Hanne Tierney Puppet Performance at Five Myles
Hanne Tierney Puppet Performance at Five Myles
On September 26 my wife and I went to see a performance at Five Miles Gallery at 558 St. Johns Place. We didn't know what to expect: the piece was called "18 Stanzas Sung to a Tatar Whistle" performed by Hanne Tierney who is the owner of Five Myles Gallery. When we arrived we signed in and entered the gallery space. Chairs were arranged against the right hand wall, enough to seat perhaps twenty people. Most of the space was taken up with elaborate clothing and pieces of metal, and on the back wall was a structure that we later discovered had a series of buttons attached to threads that ran up to the ceiling and down to the various objects on the floor. Also, just inside the gallery space, was a set of instruments, most easily recognizable and one in particular not recognizable at all. Looking at the brochure we discovered that the performance would be of a poem by Ts'ai Yen written roughly about 200 AD. The poem is about how her life was upended when she was captured by Tatar raiders from the north of China, held for twelve years as the wife of a Tatar chief, for whom she bore two sons, and was then forced to return to China.
When the performance began, the lights were turned down and the musician Jane Wang played a mournful song, setting the atmosphere. Hanne and her assistant, Brooke Van Hengsberger, began working the threads which raised the clothing as though they were people. We heard the story of each stanza in Chinese read by Rachel Lu and then Hanne would read in English from a translation by Kenneth Rexroth and Ling Chung as she pulled the puppets up and down. The first scene was of three women enjoying life together around a lantern. Then war came and sticks and metal pieces very effectively conveyed the noise and anger of war along with appropriate music. Ts'ai Yen is now portrayed in dark colors as she is kidnapped. She has another incarnation in the Tatar encampment and yet a fourth as the mother and wife in her Tatar family. During these scenes images are projected on the wall opposite the audience -- one of the Tatar camp, another of a horse, when there is a discussion about whether horses should live with humans. At the end, an august Chinese official comes and demands the return of Ts'ai Yen with the threat of force, and she goes back to her old life. However, she is utterly transformed by her experiences of the loss of China, alienation in the desert, love for her husband and children and loss of them, all conveyed through clothing moved by threads, music, lights, and Chinese and English narration.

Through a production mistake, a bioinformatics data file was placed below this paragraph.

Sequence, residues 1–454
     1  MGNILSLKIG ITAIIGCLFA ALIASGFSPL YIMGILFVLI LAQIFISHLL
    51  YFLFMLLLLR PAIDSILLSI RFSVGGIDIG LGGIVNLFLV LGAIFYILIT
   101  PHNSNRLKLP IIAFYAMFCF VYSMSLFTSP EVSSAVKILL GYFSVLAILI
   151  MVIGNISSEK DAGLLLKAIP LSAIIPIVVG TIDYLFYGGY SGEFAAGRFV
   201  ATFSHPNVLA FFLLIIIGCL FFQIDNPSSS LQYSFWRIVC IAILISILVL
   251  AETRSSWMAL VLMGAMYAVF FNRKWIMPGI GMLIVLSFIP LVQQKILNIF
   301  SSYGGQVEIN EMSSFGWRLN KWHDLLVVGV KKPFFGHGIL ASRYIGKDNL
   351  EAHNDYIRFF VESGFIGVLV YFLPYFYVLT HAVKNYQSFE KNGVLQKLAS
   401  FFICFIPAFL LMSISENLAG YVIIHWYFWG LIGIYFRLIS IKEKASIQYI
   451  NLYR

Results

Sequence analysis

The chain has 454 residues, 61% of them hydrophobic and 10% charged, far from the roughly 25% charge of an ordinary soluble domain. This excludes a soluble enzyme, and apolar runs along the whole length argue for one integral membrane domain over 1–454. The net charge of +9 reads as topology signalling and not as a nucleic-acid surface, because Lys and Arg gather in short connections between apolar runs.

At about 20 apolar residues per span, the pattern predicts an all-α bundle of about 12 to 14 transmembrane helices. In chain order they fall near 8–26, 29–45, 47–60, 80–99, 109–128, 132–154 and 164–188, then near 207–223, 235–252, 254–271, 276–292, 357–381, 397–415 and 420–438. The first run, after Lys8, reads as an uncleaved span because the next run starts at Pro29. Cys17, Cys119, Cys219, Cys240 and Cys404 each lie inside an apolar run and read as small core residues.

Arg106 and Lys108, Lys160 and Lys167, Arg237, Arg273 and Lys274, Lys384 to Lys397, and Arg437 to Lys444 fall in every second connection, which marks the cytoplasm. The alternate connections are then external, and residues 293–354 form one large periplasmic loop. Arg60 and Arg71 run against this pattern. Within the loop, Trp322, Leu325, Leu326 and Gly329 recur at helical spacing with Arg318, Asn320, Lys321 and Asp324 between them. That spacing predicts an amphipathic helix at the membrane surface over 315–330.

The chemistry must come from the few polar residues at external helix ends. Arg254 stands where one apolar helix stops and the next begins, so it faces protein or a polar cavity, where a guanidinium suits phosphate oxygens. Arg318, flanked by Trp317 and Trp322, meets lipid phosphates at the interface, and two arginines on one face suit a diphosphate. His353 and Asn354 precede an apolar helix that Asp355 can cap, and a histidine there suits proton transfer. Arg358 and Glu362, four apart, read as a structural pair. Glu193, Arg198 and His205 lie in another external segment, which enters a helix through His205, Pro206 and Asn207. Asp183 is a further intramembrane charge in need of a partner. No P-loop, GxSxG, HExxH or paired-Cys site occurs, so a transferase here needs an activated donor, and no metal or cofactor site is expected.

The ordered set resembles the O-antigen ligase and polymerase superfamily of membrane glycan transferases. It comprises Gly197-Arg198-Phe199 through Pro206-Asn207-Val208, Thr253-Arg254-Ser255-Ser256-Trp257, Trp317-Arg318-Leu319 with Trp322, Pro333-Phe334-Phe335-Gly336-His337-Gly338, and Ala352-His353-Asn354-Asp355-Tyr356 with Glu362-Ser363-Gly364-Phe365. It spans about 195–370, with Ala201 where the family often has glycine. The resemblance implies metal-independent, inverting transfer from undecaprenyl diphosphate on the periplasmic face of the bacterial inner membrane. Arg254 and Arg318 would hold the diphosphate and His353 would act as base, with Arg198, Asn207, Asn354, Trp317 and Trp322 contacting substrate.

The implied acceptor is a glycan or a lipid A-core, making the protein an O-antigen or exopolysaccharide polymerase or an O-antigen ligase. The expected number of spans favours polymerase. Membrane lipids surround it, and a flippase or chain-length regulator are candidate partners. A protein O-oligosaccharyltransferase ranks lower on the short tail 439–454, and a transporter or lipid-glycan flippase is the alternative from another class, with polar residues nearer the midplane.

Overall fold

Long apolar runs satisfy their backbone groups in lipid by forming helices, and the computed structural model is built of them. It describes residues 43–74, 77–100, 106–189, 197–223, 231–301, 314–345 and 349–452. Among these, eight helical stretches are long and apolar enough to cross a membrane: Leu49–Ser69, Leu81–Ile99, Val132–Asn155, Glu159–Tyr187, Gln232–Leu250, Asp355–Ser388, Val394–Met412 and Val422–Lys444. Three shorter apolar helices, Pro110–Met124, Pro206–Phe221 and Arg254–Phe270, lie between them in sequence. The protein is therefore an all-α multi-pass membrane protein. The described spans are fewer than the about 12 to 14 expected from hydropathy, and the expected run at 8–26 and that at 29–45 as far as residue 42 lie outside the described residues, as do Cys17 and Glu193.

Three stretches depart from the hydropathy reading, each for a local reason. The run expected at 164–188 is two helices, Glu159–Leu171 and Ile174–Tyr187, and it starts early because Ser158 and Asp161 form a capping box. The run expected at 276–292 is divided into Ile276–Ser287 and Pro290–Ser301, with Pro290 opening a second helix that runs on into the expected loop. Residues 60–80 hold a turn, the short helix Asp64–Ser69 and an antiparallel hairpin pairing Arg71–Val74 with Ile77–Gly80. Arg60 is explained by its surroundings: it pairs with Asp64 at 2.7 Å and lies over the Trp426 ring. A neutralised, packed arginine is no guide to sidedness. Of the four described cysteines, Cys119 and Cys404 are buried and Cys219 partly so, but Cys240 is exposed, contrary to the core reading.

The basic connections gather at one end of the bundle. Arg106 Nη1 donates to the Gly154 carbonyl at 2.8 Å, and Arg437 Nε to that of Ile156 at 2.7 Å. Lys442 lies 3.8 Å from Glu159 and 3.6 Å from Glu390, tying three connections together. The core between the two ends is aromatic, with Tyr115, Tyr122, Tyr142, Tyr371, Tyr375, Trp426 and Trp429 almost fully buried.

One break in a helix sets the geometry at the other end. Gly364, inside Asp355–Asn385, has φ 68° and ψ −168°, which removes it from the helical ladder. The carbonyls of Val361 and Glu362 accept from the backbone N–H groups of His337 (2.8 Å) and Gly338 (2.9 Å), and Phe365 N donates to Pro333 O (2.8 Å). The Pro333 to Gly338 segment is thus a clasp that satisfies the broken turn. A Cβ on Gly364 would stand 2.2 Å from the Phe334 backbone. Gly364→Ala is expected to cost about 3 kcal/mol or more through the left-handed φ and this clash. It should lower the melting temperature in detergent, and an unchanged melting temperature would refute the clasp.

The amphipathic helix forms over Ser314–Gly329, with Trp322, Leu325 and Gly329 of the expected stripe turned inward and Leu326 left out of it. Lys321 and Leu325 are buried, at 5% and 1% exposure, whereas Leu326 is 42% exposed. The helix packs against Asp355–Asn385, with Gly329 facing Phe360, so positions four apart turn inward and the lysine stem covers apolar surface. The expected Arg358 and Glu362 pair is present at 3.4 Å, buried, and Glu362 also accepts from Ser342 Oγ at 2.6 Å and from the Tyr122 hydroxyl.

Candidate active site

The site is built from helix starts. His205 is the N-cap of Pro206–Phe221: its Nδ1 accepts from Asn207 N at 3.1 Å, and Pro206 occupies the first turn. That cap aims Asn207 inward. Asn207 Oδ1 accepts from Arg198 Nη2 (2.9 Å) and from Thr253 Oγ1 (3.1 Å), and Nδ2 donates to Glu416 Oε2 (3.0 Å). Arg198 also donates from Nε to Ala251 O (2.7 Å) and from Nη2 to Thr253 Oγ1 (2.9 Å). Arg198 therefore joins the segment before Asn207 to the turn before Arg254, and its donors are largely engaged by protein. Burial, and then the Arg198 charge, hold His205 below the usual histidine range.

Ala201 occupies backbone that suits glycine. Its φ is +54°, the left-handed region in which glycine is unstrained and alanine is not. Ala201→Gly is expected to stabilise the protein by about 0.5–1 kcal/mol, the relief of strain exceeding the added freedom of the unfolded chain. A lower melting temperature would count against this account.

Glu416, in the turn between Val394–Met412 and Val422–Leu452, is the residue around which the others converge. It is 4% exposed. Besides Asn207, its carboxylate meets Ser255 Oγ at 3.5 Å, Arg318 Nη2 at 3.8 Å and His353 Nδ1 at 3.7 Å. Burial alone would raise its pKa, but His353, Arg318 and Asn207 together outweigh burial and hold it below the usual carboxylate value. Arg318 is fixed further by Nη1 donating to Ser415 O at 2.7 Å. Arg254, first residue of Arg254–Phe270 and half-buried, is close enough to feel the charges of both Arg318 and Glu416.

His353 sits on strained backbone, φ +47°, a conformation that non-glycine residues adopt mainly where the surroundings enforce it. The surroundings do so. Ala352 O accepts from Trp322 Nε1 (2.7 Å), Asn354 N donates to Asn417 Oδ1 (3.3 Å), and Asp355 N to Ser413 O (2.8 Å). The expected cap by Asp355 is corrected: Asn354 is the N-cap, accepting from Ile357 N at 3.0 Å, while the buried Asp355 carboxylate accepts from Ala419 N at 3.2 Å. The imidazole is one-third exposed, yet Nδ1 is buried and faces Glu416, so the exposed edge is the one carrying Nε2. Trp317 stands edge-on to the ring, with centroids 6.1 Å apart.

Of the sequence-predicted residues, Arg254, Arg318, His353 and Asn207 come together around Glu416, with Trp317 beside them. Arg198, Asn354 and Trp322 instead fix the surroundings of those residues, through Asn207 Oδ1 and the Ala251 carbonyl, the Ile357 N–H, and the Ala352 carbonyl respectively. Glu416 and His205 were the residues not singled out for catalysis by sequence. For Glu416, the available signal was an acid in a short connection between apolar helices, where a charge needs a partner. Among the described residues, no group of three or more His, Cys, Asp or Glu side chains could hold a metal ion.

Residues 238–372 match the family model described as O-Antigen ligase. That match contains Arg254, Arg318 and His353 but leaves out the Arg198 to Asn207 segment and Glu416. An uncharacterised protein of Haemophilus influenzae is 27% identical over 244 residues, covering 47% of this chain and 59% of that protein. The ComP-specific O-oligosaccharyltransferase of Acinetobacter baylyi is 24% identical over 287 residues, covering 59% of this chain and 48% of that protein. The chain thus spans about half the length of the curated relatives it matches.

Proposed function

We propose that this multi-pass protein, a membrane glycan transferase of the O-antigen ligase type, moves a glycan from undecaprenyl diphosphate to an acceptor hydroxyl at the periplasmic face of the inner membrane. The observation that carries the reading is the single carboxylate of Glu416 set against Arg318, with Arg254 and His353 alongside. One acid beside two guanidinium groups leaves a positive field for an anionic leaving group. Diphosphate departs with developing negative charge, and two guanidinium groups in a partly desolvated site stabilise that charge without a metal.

The most striking thing is that there are humans all around making the performance happen, but there are no actors involved. The world that is left is limited, but the show is quite effective. There are four versions of the poet, and clothing suggests something of the changes she goes through -- fancy dress with friends, dark clothes like mourning when she is taken, and then the Tatar brown clothing that is very like the desert. In the first of these she talks with an old woman about the Tatar practice of killing the old when they become useless: it is horrifying but understandable. In a second outfit, the poet discusses her husband and has a debate about whether horses should live with people. In these talks her respect for her husband is conveyed and her love of her boys, but again, she is a foreigner among them. If we sympathize with her unease among the Tatars, the pompous emissary come to take her back, makes us reverse the feeling. He tells the Tatar husband that in China women do as they are told, and the husband replies that Tatar women know what they must do. Tatar life is brutal but has a simple sense to it. Most important in the limited world of the puppets is gesture – to collapse, to shrug, to raise an arm. It is a small vocabulary, but every gesture counts. The lighting and music also play an important role. The wonderful music composed by Jane Wang enhances the story enormously. Other sounds were supplied by Phil Soltanoff. Hannah Waseleski painted amazing images projected on the wall, and Trevor Brown did a great job with the lighting.
The show works by suggestion; all the different peripheral media help one to become a participant. Like the poet, we are foreigners in time, space, and culture, but through all that we grasp the terrible cost that is being paid because of brutality and hardship. We also see, combined with the horror, love and delicacy. There is a struggle between two forces that seems universal. Also, as part of the audience, we can appreciate the immense amount of work that went into this piece, the creations by all the different artists, their combination, the intricacy of the performance. It took years to put this all together, and the performance is precarious. Brooke told about strings getting tangled and other problems and how careful one must be to remember all the moves. Yet it all came off very well, surprising that something so different could be so intimate.
– John DeWind